But in both books and the world of TV much is sensationalized in order to appeal to sensualists. I guess the general warning applies: We need to be awake, sober-minded, and active in the reception of stories, commercials, words, images, etc. We need more of the transcendentals (as Aristotle refered to them) of truth, the good, and the beautiful. Whether we get that on a walk, in a book, listening to a symphony, or plopped in front of the TV seems to me to make little difference. There’s no more truth, good, or beauty in books than TV. It all has to do with what we read and what we watch and even more to do with “how.”

    Not disagreeing, just twisting the emphasis a bit, for what it’s worth.


  5. preacherman Says:

    Great post.
    I love reading but with a 6year old, 4 year old and 18 month old it is hard to find the time reading other books. I love reading Gary Hollaway’s books, recently bought Lynn Anderson’s “They Smell Like Sheep Part 2.” and can’t wait to read your new book.
    Thanks for this second post Bobby. You always do such a great job.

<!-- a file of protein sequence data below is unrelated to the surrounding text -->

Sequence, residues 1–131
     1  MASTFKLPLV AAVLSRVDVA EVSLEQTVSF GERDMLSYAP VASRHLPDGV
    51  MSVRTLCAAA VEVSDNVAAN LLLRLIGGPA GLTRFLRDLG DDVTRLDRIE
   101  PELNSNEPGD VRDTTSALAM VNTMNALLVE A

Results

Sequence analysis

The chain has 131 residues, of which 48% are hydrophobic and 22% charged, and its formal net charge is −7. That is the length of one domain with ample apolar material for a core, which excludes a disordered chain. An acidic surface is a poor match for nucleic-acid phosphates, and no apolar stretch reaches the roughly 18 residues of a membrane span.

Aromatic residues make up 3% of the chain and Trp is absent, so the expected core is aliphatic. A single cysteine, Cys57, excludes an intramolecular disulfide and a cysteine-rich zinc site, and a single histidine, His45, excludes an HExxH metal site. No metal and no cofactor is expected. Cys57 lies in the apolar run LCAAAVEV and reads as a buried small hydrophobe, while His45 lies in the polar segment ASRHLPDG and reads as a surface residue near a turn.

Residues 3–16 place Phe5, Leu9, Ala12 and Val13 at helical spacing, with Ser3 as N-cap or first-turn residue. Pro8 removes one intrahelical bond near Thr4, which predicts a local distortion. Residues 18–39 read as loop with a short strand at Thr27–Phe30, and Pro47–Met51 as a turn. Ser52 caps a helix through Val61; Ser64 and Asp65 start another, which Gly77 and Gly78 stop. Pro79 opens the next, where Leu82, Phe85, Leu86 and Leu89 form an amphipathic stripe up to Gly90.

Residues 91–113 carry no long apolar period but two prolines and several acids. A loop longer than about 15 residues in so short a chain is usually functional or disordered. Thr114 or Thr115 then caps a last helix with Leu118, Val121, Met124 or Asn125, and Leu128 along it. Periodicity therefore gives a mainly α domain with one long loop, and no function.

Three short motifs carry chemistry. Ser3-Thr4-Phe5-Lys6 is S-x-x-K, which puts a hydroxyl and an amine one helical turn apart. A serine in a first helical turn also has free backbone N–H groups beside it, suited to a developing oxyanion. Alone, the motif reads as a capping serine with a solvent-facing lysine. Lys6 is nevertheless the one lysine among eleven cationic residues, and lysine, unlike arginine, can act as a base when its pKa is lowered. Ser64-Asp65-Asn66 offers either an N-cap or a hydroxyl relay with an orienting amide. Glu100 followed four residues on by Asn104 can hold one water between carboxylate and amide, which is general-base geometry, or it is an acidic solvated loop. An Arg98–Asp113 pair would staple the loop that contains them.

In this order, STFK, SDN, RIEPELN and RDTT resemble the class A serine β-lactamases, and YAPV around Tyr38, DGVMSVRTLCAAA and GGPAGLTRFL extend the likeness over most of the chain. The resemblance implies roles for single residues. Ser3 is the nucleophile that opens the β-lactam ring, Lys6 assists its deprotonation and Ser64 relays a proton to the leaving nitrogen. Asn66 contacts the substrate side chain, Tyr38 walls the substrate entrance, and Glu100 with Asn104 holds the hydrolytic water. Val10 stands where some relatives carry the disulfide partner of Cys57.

6. Niki Says:

    More great thoughts on a great subject! I am so grateful for the many types of books available. I love to think and be challenged by authors, but sometimes I love reading a little “fluff” as well – purely for entertainment.

    My hubby doesn’t enjoy reading as much as I do, but we are trying our darndest to raise 3 readers. The 7 and 4 year olds have their own library cards and the 3 year old will get one soon.

    You are so right. Reading takes you places and leaves you changed. Sometimes mine takes me to the bathroom where I can lock the door for 15 minutes and read uninterrupted for 7 of those 15 minutes! 😉 I put a comfy ottoman in there for such occasions.